Two Pulse buses at the Allison Street station in Richmond, VA. (Image: airbus777, Flickr)
Richmond, VA is a midsize city with a population of about 227,000—it’s bigger than Salt Lake City, UT but smaller than Madison, WI. Like a lot of midsize cities, Richmond is growing; since 2000, the city has added population without annexing new land for the first time since the early 1900s. As the city grows, Richmonders are concerned with the same issues that other communities are, namely housing costs and transportation.
In Richmond, it’s still relatively easy to drive everywhere and a lot of people do. But the city can’t continue to build parking and wider roads; transit is becoming more necessary to handle a larger population not to mention the need for equitable transportation options. Enter The Pulse.
The Pulse is a new bus rapid transit line that opened in June of 2018. Running largely along a major thoroughfare that passes through downtown Richmond, approximately 25 percent of the city’s population and 60 percent of the city’s jobs are within the walkshed of the Pulse. Specially branded Pulse stations feature 1) platform-level boarding, 2) pre-board ticket vending (and all-door boarding), and 3) dedicated bus lanes along much of the route—all critical features of BRT.
This month on Building Better Communities with Transit we’re joined by Maritza Pechin, a planner with AECOM who works with city staff in Richmond on long-range planning. On the podcast, Maritza talks about the Pulse and the broader bus network redesign that was rolled out at the same time. In a wide ranging conversation, Jeff Wood and Maritza discuss how the new system is bring people back to transit, how the city might tackle housing affordability, and what big ideas the city is considering for the future.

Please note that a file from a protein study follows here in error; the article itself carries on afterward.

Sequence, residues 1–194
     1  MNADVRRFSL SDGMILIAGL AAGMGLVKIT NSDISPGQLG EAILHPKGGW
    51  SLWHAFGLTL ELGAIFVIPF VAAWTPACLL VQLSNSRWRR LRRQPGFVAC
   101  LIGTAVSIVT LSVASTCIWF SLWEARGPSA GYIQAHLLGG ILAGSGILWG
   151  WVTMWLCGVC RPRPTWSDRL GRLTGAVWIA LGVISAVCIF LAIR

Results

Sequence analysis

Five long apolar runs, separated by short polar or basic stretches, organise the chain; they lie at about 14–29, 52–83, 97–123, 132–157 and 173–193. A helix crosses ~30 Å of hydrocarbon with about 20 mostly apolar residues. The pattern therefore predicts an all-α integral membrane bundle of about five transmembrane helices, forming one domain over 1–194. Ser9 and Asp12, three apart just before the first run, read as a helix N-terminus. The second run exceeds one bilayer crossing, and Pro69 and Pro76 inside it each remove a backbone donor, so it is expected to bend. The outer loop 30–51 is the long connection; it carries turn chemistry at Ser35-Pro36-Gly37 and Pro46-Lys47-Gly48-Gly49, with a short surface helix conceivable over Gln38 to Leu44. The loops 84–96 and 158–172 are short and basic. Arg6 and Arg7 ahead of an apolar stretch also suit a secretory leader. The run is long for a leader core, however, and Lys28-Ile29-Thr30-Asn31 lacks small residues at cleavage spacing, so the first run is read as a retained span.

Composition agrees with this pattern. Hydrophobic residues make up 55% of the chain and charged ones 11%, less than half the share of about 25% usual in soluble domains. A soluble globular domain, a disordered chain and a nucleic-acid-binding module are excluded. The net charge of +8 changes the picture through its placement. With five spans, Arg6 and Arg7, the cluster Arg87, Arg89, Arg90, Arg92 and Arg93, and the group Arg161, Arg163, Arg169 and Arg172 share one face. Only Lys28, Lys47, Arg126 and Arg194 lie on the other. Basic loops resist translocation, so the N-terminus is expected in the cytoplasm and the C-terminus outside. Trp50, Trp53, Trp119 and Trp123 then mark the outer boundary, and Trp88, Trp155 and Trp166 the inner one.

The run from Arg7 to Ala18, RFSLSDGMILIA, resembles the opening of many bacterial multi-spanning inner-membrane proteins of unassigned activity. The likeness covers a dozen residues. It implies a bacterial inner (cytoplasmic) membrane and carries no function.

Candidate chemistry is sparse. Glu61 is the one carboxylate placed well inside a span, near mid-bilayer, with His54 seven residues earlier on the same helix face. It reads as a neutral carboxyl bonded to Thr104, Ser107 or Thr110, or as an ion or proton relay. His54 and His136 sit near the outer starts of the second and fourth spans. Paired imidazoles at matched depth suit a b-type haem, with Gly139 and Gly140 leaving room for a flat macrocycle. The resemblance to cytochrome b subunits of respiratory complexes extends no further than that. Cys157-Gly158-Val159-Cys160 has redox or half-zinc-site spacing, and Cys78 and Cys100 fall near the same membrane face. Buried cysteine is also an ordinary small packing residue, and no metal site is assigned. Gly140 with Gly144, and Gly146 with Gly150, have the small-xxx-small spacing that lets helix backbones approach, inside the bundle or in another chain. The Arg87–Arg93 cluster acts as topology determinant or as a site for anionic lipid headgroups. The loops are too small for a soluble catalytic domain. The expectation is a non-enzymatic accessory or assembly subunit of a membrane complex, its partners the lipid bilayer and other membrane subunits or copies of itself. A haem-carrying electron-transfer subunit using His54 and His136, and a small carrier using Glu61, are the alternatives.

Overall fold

Building Better Communities with Transit is intended to provide support to communities and local leaders who are working to catalyze new development around transit, give more people access to public transportation, increase access to opportunity, and build robust local economies. You can find this episode—and all of our previous episodes—on Soundcloud, Stitcher, iTunes, Overcast or wherever you get your podcasts.
Recent TOD news
Here are a few things that have been happening this week with TOD projects across the country.
- Developers break ground on affordable housing project along Charlotte Blue Line (Charlotte Observer)
- San Jose envisions 18 story towers near Berryessa BART (San Jose Mercury News)
- Hudson Yards is a cautionary tale for Philadelphia’s Schuylkill Yards project (Philadelphia Inquirer)
- The background on a 400 unit complex next to MacArthur BART (San Francisco Chronicle)
- Major redevelopment in LA’s Hyde Park will take advantage of transit-oriented communities incentives (Curbed Los Angeles)